Why are Republicans Wrong about Everything?

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rottingjohnny

Sport climber
mammoth lakes ca
Feb 2, 2014 - 01:01pm PT
Ron...Light a candle and curse the darkness....
Ron Anderson

Trad climber
Relic MilkEye and grandpoobah of HBRKRNH
Feb 2, 2014 - 01:03pm PT
"I had a dream" where NO ONE showed up to vote in the next election.. Wouldnt THAT be a HOOT!
Ricky

climber
Sometimes LA
Feb 2, 2014 - 01:53pm PT

Reince Priebus had basically the same dream.
Norton

Social climber
the Wastelands
Feb 2, 2014 - 01:59pm PT
Reince Priebus had basically the same dream.

ha!

ain't that the truth
Jim Brennan

Trad climber
Canada
Feb 2, 2014 - 02:08pm PT
What if you held a Republican and no one came ?
rSin

Trad climber
calif
Feb 2, 2014 - 06:50pm PT
you still have a bunch of blue dogs to deal with



Political Corruption and Capitalism

Sunday, 02 February 2014
By Richard D Wolff, Truthout | Op-Ed



Corruption is endemic to the capitalist system and has not been successfully regulated away. Perhaps a system change is warranted?

Nearly daily, mass media report political corruption across the world. Government bureaucrats, from local to national to international, are exposed for having abused their offices for personal gain. That gain is usually financial, but can involve career advancement. Much of that corruption is driven and financed by capitalist enterprises. In that kind of corruption, officials enable tax avoidance, provide subsidies, make purchases and sometimes sales, and decide many other "public" matters (e.g. locating roads, zoning cities, constructing state facilities, repressing strikes, investigating corruption, negotiating international agreements, etc.).

Official decisions are corrupt when they aim (in exchange for personal gain) exclusively or chiefly to benefit individual firms or groups of enterprises rather than any broad social or public purpose. Corruption can be illegal (when prohibitive laws apply) or legal if such laws were repealed or never passed. Political corruption, when not hidden or secret, occurs under a protective cover (or disguise) as if done for public purposes or benefits.

What chiefly drives this sort of political corruption today is capitalism's structure. For many capitalist enterprises, competitive and other pressures exist to increase profits, growth rates, and/or market share. Their boards and top managers seek to find cheaper produced inputs and cheaper labor power, to extract more output from their workers, to sell their outputs at the highest possible prices and to find more profitable technologies. The structure provides them with every incentive of financial gain and/or career security and advancement to behave in those ways. Thus, boards and top managers seek the maximum obtainable assistance of government officials in all these areas and also try to pay the least possible portion of their net revenues as taxes. Boards of directors tap their corporations' profits to corrupt mostly the top echelons of the government bureaucracy, those needed to make advantageous official decisions.

Individual capitalists act to corrupt government officials to serve their enterprise's needs. Grouped into associations, they do likewise for their industries. When organized as a whole (in "chambers of commerce" or "manufacturers alliances," etc.), they corrupt to secure their class interests. When such corruption is not secret, capitalists articulate their demands to corrupted officials as "good for the economy or society as a whole." Such phrases constitute the "appropriate language" that enables officials publicly to disguise and hopefully to legitimate their corrupt acts.

Strict moral codes, regulations and laws have been imposed to prevent individual or grouped capitalists from corrupting government officials. Evidence suggests, however, that neither civic-minded ethics, nor regulations nor laws have come close to ending capitalists' corruption. Countless government courts, commissions, etc., have hardly ended official complicities in that corruption. Mainstream economics mostly proceeds in its analyses and policy prescriptions as if rampant corruption did not exist. Mass media tend to treat capitalist corruption (at least in their home countries) as exceptional and government efforts to stop it as serious. These, too, are further examples of that "appropriate language" with which modern capitalist societies mask systemic corruption.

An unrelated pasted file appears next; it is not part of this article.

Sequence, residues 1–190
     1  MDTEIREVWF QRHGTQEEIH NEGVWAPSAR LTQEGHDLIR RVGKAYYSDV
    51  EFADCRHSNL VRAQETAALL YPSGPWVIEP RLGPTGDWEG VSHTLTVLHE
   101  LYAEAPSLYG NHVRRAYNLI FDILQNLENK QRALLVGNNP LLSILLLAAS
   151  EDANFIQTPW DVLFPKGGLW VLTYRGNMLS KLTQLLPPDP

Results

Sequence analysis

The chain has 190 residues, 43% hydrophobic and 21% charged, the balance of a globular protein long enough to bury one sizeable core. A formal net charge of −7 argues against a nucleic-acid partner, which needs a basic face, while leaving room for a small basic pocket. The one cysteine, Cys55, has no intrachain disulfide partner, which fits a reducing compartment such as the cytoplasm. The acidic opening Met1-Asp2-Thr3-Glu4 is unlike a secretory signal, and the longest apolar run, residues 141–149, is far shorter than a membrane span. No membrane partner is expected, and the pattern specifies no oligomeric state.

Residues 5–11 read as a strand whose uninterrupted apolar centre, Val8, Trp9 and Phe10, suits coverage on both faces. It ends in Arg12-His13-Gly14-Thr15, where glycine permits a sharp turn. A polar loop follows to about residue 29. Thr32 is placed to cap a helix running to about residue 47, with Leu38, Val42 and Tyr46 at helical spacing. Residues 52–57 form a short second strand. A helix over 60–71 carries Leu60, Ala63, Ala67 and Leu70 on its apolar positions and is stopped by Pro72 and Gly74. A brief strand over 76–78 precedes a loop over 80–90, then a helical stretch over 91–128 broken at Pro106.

To reduce corruption from its current high levels requires something more than, and different from, additional laws, commissions, invocations of morality, regulations and so on. It requires basic, structural economic change. Earlier reforms achieved so little success because they ignored the very idea or possibility of such change. They left untouched capitalism's basic incentive structure and capitalists' power to use enterprise profits for corrupt purposes. Capitalists have continued to face all the benefits and gains that corrupted officials can yield (plus the risks and costs of failing to corrupt them). Capitalists have likewise continued to amass ever-larger profits and thus the funds with which to corrupt.

One structural way to reduce corruption would be to democratize enterprises, to reorganize them such that the workers collectively direct the enterprises. Such an economic democratization would render all aspects of the relationship between enterprise and government transparent to all enterprise employees and thereby to a larger public. Hiding and disguising corruption would be much more difficult. Compliance with regulations and laws prohibiting the corruption of officials would likely find at least some support among democratized enterprises' decision makers. Those enterprises would require open discussion and majority decision-making. Minorities could more easily acquire the knowledge needed to criticize and influence decisions and thus to prevent or reduce using enterprises' net revenues to corrupt government officials.

Ending the capitalist organization of enterprises still leaves the problem of incentives for workers - even in workers' self-directed enterprises - to seek to corrupt government officials. The appropriate step to solve that problem would involve making the democratized enterprises and a genuinely democratized politics (of residence-based government at all levels) interdependent. Governmental decisions would need to be ratified by the democratized enterprises affected by those government decisions. Likewise, democratized enterprise decisions would need to be ratified by the affected democratized governmental institutions.